When it comes to tax audits, this standard governmental process tends to get a bad rap. In general, tax audits are dreaded because they are not well understood by those who file. By debunking common myths about tax audits, Canadians can ease their worries over this regularly occurring event. Whether you are being audited or would just like to know more about the process, consider the following five myths about tax audits:
Filing for tax deductions makes you more likely to be audited.
Every year, many people avoid filing for the deductions they deserve because they are nervous it will put them at an increased risk of being selected for an audit. However, the number of deductions you claim on your taxes has little to do with whether or not your filing is audited. When it comes to your submission, the Canada Revenue Agency (CRA) looks at the filing as a whole, rather than just your deductions, to ensure it makes financial sense. It is better to claim the proper deductions each year, and receive an appropriate tax return.
I can avoid being audited by waiting to file my taxes.
It is wishful thinking to hope that you will not be audited by avoiding the CRA altogether. Failing to file your taxes can not only result in serious fines, it is also illegal. Penalties for missing the submission deadline can be much stricter and less desirable than a routine audit. It’s best to file your taxes on time with the appropriate financial details.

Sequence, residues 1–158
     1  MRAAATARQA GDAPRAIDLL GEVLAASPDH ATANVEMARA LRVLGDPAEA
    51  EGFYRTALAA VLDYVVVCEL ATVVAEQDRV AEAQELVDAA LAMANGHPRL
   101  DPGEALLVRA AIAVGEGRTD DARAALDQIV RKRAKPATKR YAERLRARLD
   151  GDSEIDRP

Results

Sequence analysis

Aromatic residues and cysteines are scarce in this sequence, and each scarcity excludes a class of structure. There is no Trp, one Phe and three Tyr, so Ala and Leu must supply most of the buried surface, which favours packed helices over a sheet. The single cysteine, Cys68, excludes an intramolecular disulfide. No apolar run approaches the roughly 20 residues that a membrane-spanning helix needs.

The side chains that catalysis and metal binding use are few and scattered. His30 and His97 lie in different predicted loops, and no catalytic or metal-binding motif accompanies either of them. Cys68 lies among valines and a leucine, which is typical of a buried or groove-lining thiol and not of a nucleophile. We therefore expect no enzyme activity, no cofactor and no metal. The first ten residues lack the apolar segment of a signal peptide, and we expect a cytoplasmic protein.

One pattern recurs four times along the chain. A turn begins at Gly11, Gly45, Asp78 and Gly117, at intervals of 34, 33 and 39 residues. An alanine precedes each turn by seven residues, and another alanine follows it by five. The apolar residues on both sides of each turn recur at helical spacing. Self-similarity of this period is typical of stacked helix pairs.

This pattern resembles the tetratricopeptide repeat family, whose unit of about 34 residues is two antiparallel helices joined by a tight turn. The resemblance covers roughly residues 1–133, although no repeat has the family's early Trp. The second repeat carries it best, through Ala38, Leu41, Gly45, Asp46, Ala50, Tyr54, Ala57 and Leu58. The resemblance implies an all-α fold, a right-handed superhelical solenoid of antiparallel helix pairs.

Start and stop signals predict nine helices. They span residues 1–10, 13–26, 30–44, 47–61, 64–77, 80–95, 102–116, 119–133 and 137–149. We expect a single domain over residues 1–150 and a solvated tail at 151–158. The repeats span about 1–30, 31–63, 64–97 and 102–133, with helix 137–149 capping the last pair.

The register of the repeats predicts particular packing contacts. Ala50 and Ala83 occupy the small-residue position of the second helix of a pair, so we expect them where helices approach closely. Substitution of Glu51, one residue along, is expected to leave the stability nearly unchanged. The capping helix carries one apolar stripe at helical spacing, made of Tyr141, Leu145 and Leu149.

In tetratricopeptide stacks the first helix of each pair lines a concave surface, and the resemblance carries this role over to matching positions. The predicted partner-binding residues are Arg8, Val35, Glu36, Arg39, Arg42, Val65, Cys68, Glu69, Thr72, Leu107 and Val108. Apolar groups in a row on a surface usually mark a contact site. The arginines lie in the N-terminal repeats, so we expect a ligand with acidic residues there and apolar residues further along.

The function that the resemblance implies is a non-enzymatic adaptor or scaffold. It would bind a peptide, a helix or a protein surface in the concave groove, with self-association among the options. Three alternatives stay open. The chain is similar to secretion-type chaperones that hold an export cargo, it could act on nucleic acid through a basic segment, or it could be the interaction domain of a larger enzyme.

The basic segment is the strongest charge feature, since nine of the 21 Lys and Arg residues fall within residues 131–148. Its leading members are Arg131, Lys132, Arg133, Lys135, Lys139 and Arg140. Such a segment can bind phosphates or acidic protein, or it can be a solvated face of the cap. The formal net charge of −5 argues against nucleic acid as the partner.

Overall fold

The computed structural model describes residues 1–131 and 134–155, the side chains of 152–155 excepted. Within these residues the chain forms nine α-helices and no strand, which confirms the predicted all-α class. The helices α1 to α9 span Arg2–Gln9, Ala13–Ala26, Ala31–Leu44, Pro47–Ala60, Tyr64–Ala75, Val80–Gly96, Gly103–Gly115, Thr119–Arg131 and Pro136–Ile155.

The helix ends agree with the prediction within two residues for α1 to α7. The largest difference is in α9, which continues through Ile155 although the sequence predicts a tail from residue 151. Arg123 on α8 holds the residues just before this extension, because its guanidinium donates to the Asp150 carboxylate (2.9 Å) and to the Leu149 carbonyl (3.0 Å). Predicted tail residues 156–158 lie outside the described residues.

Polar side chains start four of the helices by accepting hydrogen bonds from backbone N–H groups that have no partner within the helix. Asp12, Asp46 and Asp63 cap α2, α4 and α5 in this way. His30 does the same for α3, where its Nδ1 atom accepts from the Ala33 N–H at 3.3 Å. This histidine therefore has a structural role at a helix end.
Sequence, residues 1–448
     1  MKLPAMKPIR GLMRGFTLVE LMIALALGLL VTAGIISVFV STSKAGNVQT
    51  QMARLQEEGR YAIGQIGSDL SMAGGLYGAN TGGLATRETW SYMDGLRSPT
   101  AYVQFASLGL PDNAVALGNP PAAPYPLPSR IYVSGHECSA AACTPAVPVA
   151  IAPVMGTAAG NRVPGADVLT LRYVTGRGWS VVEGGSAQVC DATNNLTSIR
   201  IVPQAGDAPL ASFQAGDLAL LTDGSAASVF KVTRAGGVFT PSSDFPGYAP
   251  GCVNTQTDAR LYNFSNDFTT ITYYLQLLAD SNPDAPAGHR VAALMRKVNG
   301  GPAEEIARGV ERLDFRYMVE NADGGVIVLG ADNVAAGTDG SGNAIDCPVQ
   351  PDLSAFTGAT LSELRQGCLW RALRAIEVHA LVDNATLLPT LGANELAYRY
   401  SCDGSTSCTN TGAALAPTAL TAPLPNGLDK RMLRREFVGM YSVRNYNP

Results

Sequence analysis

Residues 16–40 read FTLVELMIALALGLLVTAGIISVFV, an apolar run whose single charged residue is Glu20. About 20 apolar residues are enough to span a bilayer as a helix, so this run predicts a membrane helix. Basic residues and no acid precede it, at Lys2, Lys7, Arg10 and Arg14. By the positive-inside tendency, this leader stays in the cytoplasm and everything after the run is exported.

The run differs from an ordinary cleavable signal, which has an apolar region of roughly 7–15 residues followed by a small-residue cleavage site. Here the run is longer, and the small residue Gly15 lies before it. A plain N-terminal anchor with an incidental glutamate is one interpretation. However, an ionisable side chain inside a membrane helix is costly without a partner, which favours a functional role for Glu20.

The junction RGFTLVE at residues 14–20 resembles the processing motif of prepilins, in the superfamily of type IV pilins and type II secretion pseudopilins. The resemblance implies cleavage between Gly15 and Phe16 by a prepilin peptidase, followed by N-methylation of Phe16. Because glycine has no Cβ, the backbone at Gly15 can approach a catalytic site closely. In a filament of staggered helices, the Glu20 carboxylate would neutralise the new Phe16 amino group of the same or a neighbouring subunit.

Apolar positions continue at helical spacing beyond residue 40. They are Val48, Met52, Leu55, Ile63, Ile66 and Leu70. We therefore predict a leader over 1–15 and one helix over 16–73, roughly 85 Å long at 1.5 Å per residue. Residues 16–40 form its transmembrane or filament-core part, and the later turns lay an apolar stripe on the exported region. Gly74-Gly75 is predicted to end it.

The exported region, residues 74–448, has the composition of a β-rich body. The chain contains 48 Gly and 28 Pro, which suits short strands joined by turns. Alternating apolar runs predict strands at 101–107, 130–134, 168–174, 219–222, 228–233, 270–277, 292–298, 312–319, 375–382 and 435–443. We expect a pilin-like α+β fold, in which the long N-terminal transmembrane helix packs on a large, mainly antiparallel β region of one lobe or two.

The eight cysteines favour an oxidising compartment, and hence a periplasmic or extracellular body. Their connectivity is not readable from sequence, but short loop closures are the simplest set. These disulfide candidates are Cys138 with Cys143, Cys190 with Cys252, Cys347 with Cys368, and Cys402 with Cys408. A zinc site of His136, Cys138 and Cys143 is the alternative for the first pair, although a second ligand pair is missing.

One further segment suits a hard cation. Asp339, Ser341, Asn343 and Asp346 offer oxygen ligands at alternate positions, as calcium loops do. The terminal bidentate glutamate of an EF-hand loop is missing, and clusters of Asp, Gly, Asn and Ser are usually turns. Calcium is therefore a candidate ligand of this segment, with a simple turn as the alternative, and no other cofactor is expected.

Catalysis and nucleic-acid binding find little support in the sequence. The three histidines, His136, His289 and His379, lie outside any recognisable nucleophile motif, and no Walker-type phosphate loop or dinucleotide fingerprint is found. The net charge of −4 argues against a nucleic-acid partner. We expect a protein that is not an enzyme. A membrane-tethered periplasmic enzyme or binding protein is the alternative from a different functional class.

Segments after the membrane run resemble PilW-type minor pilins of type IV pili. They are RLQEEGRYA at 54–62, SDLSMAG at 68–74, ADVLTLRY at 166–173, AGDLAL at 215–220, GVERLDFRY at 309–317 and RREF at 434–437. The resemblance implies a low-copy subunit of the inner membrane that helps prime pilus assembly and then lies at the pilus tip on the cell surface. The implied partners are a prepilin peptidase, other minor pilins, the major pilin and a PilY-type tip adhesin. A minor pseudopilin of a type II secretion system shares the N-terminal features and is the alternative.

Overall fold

It is not worth correcting previous filings.
Audits do not take place immediately. In fact, they can take place several years after you file. If you notice an inaccuracy on a previous year’s submissions, you can typically volunteer the correct information to the authorities without risk of criminal charges. Keep in mind, the CRA can access any year’s tax filing at any time; if you’re concerned about an error or omission, it’s best to speak up proactively.
If you file online, you will be audited.
Many individuals who have a history of filing their own taxes or working with a professional to submit their filing are skeptical of online tax submission services. Yet those who utilize this software have been shown to be at no increased risk of being audited. In fact, those people who submit taxes online or work with a professional may be at a decreased risk of being audited, because it is less likely that a mathematical error will occur.
Audits are scary.
While many taxpayers fear being audited, the truth is that the auditing process can be a very straightforward procedure. Typically, the audit process involves you being asked several questions about your filing, and being given an opportunity to explain any drastic, year-over-year financial changes.
This tax season, if you would like more information on avoiding an audit or properly filing your taxes, consult Liu & Associates for assistance.